a white car flipped onto its roof, circa 2011.
Car, flipped Credit: Darrow Montgomery/File

We know D.C. Get our free newsletter to stay in the know.

We have a clear data point in the ongoing debate of whether Maryland or Virginia drivers are worse. In a study Forbes released last week ranking the states with the most aggressive drivers, Maryland prevailed, ranking seventh out of 50 states. Metrics included whether drivers had been honked at, whether they’ve received a rude gesture from a fellow driver, and if they know someone who had been injured due to a road rage incident.

Virginia ranked 44th and the District was unranked (another consequence of not being a state!).

Over the weekend, Maryland officials dealt with fatal crashes in Montgomery and Prince George’s counties. The Montgomery crash occurred around 3:30 a.m. Sunday on I-270 in Rockville. After a Tesla rear-ended a Toyota minivan, a third car hit the Toyota, killing one of the van’s passengers and seriously injuring two others. 

In Prince George’s County, a woman was killed in a hit-and-run on Indian Head Highway (Route 210) in Oxon Hill, just south of the District line. The driver did not stay on the scene and county officials are trying to find out more details about the incident. Less than two weeks ago, a cyclist was struck and killed on another portion of Indian Head Highway. 

Votes Magotes

Tomorrow is technically National Voter Registration Day, but the D.C. Board of Elections is kicking things off early with voter registration events at Roosevelt High School and at Gallaudet University. More events follow tomorrow, including a celebration on the roof of MLK Library featuring family activities and a go-go concert.

Also, Ward 6 Councilmember Charles Allen held a hearing last Friday on a bill that would mail ballots to people who the city knows are eligible to vote in D.C. even if they’re not registered. Using records from the Department of Motor Vehicles and other agencies, D.C. would keep a list of people who are “preapproved,” as determined by the Board of Elections.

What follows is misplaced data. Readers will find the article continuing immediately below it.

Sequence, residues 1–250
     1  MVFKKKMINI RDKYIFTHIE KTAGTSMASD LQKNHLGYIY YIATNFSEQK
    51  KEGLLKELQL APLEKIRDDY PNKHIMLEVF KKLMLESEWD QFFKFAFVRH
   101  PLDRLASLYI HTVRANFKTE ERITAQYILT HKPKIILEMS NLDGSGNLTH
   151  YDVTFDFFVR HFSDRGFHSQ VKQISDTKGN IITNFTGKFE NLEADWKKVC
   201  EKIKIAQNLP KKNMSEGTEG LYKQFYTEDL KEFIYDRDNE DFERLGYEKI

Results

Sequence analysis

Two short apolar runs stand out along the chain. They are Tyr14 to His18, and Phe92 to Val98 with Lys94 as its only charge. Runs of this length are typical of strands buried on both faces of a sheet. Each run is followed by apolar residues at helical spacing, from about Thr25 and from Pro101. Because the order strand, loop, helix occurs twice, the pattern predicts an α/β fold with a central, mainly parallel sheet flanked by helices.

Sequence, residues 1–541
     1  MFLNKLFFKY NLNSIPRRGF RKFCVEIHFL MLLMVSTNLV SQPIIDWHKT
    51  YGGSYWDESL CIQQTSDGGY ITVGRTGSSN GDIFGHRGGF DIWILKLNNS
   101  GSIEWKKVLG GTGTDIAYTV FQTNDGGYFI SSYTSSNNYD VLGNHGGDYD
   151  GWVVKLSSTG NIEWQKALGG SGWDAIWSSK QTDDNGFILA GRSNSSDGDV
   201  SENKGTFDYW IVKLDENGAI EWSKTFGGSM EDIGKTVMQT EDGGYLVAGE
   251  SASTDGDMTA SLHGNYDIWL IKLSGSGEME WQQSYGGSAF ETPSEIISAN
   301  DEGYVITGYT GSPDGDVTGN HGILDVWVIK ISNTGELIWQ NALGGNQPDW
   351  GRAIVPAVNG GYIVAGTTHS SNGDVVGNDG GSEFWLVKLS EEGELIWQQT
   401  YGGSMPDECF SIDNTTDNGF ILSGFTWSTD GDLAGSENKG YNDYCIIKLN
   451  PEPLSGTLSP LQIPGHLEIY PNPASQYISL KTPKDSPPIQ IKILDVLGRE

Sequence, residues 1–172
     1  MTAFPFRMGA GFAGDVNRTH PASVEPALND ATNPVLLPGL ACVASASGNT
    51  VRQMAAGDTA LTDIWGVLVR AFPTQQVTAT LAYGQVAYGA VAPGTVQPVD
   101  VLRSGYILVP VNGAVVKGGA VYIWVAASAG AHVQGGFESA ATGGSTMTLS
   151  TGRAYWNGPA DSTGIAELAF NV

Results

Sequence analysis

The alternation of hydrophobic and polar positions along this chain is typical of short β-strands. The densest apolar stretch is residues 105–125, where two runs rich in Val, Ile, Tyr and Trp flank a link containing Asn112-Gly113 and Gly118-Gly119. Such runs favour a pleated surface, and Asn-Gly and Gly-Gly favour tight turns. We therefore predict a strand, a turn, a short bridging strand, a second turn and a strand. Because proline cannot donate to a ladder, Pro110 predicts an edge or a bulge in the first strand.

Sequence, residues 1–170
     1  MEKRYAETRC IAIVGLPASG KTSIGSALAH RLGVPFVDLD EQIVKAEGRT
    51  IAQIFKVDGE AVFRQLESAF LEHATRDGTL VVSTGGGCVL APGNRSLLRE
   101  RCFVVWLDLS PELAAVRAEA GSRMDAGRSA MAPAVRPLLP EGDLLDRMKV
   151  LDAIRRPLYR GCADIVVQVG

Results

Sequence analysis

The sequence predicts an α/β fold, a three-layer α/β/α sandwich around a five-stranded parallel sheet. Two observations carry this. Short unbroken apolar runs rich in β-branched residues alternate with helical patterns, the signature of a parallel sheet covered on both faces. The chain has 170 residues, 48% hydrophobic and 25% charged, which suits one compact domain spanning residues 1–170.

Another way to get in the voting spirit? Vote in City Paper’s annual Best of D.C. contest. The ballot is open now, so click over, and tell us about your favorite people, places, and things in greater D.C.

Caroline Jones (tips? cjones@washingtoncitypaper.com)

By City Paper staff (tips? editor@washingtoncitypaper.com)

  • A bill that would offer more services for victims of crime, backed primarily by Allen, is advancing. The legislation would send violence interrupters to hospitals to work directly with victims, expand eligibility for existing aid programs, and more. [WUSA]
  • D.C.’s methane gas lines are “notoriously leaky,” prompting environmentalists to press for the full phase-out of natural gas in the city. Advocates are particularly concerned that Washington Gas is pressing ahead with plans to replace its gas lines instead of moving to electric infrastructure. [DC Line]
  • Ward 1 Councilmember Brianne Nadeau publicly endorsed At-Large Councilmember Elissa Silverman Friday, making her one of the first elected officials to weigh in on the heated at-large race. Other recent, big-name endorsements include Greater Greater Washington (it backed both Silverman and Ward 5 Councilmember Kenyan McDuffie) and the Washington Teachers’ Union (which picked Silverman and Karim Marshall). [Twitter, GGWash]

By Alex Koma (tips? akoma@washingtoncitypaper.com)

  • D.C. pubs are showing the Queen’s funeral today. Most started at 5:30 a.m. and will continue into the afternoon and evening. [WJLA]
  • Montgomery County Planning Board Chair Casey Anderson stocked more than 30 bottles of liquor in his office liquor cabinet. The Man forced him to dismantle his bar, but DCist’s Rebecca Cooper has a possible drink menu for “Club Casey,” including a “Manhattan-ization” with a secret ingredient: developers’ tears. [DCist]
  • Capitol Square Bar & Grill opens in Northeast from nonprofit exec and government contractor Dr. Ogay Irono and Immanuel Irono. [Eater]

By City Paper staff (tips? editor@washingtoncitypaper.com)

Credit: Bayou Elom

Opera Fuses with Noh in IN Series’ The Nightsong of Orpheus

The InSeries, a local opera and theater company, partners with Theatre Nohgaku on The Nightsong […]

  • It’s Banned Book Week, and DC Public Library is celebrating all the often-silenced voices of Black and LGBTQIA people. [Twitter]
  • What’s your favorite? The Air and Space Museum has released five anonymous design proposals for the forthcoming Bezos Learning Center, and we can all provide feedback through the end of today. [DCist]

By Sarah Marloff (tips? smarloff@washingtoncitypaper.com)

  • Since 2008, when Nats Park opened, it has been operating under conditional certificates of occupancy. Events DC, which owns the park, was supposed to build out 46,000 square feet of retail, services, entertainment, or arts space to obtain a permanent certificate, but have so far failed to do so. DCRA reluctantly agreed to issue another conditional certificate, but their patience is being tested. [Twitter, Fox5, WBJ]
  • MLS is investigating D.C. United forward Taxi Fountas for allegedly using a racial slur in reference to Inter Miami defender Damion Lowe. Fountas allegedly uttered the n-word after scoring a game-tying goal and was later taken out of the game. DCU lost 3-2 in stoppage time. [Post, AP]
  • The Commanders lost a “winnable” game to the Detroit Lions (!) on Sunday. So much for that 6-1 start to the season. [Hogs Haven]

By City Paper staff (tips? editor@washingtoncitypaper.com)

Sign up: To get District Line Daily—or any of our other email newsletters—sent straight to your mailbox, click here. Send tips, ideas, and comments to newsletter@washingtoncitypaper.com.